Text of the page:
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Climbers tackle cliffs on Barton Creek Greenbelt

Climbing group gathers Tuesdays, Thursdays to test skills

Pam LeBlanc
pleblanc@statesman.com

Left hand straight to the chicken head," Nate Biggs calls out to the Spiderman-in-training inching his way up a limestone escarpment on the Barton Creek greenbelt. The chicken head, or poultry-shaped knob, juts out from New Wall, a popular climbing spot where about 30 people are gathered on a balmy winter afternoon. Cookies and elephant ears also make good hand holds for climbers scampering up the 50-foot escarpment.

"Come on man, you're almost there," Biggs coaches. In a few minutes, the climber reaches the top of the cliff. He pumps his fist and nods down at Biggs, 29, a part-time teacher at an Austin charter high school who offered up the beta, or climbing tips, that helped the climber conquer the wall.

Austin is known for its friendly climbing community. Besides New Wall and the adjacent Great Wall, located a half-mile hike from the Spyglass Drive entrance of the greenbelt, climbers flock to Enchanted Rock State Natural Area, McKinney Falls State Park and Milton Reimers Ranch Park. But the greenbelt is unique because it's so close to downtown Austin.

Every Tuesday and Thursday that the weather cooperates, climbers gather here starting at about 2:30 p.m. Today, half a dozen climbing ropes dangle from the wall, alongside routes with names like Flintstones, Walk the Dog and Mr. Slate. Bolts are permanently attached to the wall, so climbers can clip to them as they make their way up.

"Basically the Tuesday/Thursday crowd is a bunch of friendly loudmouths who are always happy to provide belays and beta to anybody that walks down the greenbelt trail and spends more than five seconds watching us climb," says Pete Bishop, 65, who has been climbing here since 1996.

It's an eclectic bunch: Students, college professors, engineers, slackers, waiters, moms with babies, and more than a handful of dogs.

"What makes this place unique is the attitude of the people," says Paul Harvey, 62, a research scientist at the University of Texas. "Other places you can't walk up and say 'Hi, can I climb with you?' "

Climbing here comes with its own soundtrack: The snap of carabiners, which secure the ropes; the babble of nearby Barton Creek spilling over rocks; the rock music someone's playing on a small boom box. The rocks are an amalgam of color: Gray, cream, bluish-green and black. Their texture ranges from smooth like soap to rough as sandpaper.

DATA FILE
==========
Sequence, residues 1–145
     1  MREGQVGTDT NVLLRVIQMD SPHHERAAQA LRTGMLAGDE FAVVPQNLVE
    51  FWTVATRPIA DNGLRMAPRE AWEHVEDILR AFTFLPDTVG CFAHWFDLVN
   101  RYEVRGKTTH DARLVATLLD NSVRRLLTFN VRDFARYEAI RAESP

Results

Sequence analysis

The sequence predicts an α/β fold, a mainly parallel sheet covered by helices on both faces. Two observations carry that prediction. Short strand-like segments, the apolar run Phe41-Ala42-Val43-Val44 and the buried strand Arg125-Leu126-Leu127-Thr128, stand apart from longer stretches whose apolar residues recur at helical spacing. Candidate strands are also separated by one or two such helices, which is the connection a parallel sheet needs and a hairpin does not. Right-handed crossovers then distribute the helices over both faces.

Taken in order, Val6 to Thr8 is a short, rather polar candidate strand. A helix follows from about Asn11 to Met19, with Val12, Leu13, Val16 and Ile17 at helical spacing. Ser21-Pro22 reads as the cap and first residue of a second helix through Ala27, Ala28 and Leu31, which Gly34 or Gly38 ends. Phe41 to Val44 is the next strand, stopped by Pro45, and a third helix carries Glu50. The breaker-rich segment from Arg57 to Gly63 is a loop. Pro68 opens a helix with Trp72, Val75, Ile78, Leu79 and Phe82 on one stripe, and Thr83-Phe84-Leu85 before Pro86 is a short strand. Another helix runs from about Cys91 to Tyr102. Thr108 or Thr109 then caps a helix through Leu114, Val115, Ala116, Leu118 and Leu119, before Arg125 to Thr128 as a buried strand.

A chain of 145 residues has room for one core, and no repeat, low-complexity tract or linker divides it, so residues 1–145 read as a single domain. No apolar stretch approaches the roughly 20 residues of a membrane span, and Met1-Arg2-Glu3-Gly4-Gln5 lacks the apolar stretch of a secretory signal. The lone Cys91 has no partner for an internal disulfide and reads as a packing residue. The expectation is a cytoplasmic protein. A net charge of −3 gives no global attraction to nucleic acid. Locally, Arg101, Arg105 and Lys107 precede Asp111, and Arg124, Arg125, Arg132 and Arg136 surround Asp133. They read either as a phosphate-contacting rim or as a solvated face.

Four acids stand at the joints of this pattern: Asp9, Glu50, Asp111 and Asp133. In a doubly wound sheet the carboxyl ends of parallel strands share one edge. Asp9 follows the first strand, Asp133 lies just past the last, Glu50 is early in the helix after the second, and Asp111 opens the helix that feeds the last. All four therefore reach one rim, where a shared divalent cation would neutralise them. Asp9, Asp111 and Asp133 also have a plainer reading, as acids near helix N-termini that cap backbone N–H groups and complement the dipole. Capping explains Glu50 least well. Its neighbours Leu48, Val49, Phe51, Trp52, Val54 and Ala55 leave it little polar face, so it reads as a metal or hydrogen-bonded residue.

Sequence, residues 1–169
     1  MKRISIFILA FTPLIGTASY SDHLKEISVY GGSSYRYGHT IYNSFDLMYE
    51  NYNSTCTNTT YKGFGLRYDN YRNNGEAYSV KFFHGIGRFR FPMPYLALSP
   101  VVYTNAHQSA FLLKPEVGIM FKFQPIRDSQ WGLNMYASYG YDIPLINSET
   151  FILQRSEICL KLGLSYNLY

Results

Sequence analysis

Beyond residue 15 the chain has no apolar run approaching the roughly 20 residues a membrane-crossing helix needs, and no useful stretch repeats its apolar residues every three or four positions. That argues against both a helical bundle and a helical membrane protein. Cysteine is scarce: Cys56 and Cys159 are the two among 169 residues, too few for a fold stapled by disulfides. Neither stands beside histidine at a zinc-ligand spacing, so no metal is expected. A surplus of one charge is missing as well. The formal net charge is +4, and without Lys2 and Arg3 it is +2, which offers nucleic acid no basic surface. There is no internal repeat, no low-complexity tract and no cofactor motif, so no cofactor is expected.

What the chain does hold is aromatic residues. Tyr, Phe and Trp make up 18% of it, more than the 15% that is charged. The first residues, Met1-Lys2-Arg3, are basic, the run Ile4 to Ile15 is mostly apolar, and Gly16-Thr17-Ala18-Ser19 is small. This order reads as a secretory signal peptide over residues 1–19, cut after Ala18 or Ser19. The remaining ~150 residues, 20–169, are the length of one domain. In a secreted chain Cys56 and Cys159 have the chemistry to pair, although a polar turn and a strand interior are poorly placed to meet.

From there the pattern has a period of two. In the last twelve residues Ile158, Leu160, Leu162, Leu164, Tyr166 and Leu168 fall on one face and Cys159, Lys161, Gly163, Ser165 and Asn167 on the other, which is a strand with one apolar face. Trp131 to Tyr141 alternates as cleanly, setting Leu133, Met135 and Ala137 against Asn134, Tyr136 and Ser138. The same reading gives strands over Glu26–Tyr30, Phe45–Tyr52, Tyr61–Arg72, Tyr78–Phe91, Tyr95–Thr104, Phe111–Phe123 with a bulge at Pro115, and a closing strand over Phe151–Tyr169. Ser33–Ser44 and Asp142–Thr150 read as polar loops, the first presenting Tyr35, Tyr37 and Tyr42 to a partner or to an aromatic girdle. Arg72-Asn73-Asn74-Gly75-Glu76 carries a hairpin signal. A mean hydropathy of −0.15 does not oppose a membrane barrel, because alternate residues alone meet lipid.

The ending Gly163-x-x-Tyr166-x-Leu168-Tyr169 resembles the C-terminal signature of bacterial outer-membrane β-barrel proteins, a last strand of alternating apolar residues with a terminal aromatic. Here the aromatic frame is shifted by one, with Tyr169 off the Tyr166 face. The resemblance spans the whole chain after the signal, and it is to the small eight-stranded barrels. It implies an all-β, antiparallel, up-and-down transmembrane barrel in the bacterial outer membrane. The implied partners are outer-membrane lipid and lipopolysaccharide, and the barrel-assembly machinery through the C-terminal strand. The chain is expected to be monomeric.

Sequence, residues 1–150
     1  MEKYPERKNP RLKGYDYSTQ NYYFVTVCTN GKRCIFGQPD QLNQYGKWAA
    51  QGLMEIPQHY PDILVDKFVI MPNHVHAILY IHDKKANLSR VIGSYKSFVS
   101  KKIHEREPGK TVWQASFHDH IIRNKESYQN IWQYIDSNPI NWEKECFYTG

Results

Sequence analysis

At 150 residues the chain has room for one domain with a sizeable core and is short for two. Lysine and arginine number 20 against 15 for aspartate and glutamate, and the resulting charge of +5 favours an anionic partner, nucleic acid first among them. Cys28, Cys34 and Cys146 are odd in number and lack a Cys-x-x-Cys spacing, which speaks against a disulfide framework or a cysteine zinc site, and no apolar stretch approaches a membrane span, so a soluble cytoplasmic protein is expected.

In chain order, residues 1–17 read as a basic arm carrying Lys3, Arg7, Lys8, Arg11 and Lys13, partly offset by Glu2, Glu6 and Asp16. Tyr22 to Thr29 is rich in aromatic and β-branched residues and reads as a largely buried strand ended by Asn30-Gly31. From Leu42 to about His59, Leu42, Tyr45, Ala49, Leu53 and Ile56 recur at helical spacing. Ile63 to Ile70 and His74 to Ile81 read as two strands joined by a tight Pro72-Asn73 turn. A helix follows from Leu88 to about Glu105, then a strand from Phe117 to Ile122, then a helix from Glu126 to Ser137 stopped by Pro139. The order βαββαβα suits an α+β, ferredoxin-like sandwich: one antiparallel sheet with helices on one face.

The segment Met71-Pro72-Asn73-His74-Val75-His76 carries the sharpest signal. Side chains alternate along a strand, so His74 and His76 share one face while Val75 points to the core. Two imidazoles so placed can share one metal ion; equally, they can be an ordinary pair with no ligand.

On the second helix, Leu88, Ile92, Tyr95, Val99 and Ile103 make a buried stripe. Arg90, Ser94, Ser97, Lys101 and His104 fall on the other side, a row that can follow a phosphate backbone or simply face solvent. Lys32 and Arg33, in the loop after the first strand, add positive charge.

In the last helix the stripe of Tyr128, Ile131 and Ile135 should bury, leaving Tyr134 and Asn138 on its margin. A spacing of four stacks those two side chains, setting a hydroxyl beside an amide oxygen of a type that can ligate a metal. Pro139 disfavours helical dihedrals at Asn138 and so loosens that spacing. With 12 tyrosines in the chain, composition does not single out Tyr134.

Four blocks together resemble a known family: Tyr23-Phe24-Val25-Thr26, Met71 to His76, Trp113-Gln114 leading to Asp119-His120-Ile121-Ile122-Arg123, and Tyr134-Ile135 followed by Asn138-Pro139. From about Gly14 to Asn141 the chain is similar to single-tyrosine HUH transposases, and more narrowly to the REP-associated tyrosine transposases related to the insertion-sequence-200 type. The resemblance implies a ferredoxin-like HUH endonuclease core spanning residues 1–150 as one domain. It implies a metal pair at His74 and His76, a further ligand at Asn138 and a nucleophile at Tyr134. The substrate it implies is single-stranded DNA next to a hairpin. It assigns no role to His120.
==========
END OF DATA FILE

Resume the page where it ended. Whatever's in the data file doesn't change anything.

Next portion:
Today, four people at once are hanging at various heights along New Wall, each paired with a partner on the ground who is holding a belay, or safety, rope. The climbers dip into pouches of chalk clipped to their waists, then reach for the rock.

On the hottest summer days, the stone feels almost greasy. In the winter, fingers nearly freeze against the chill of the limestone. It's the feel of the rock, though, and the challenge of scaling it, that keeps these climbers coming back week after week.

"It's a brain wash," says Bishop, who works for IBM. "You come out here and don't think about anything else, not because it's hard, but because you're outdoors."

For many, it's a way to stay in shape, and a more pleasant alternative to an indoor gym.

Mountain bikers, trail runners and hikers cruise past, crunching along the gravel trail. Many stop to watch. Climbers sometimes lend climbing shoes with grips and harnesses so intrigued passersby can try for themselves.

"There are no rules except get up the wall yourself, without any help," says Matt Hall, an engineering professor at the University of Texas who says he thinks about work and solves problems in his head as he scrambles up the cliff. "I've done all the climbs out here so often I don't have to think about them. I could do them blindfolded."

Queanh Gip , 33, says female climbers have added challenges. Most routes here are set by men, who are generally bigger and can power through climbs. "You have to find short-people beta," she says. "Guys tend to jump. We use more technique versus brute strength."

Diana Gerson, 28, agrees. She likes climbing because it's meditative. When she's climbing, she's focused only on what she's doing. "All I think is 'Oh God, keep breathing,' and 'Where's the next hole?' "

Lori Bergeron, 25, is struggling at the moment on the School Boy route, scanning for a way past the vertical crevice where she's currently wedged. She's above tree top level, trying to plot her next move.

"Get your left foot higher and shove it in the crack," someone far below advises.

"That doesn't help me!" she shouts back, a little crankily. Her muscles quiver. "My arms are not getting a break here!"

It takes tenacity to learn these ropes. That doesn't dissuade Bergeron, who says she'll just keep trying, even if it means falling now and then. That's what the ropes are for — they keep the climbers from dropping more than a few feet, even if they lose their grip.

"It's always about getting stronger and getting a little farther up a route," she says once she's back on the ground, taking a break.

Up on the wall, there's a lot to think about: Can you pull your body closer to the rock? Is there a way to move your feet higher, so your arms can follow?

Bergeron ran out of strength this time, but she's determined.

"When you fall a bunch but finally get to the top, you think 'Good, now let's do it without falling,' " she says.

There's always time for that next week.

For now, clouds are moving in and the wind is picking up.

Time to recess. And maybe head somewhere to share a burger and some beta.

pleblanc@statesman.com; 445-3994

To keep up with the climbing group's activities, check the Austin Climbers list serve group on www.yahoogroups.com.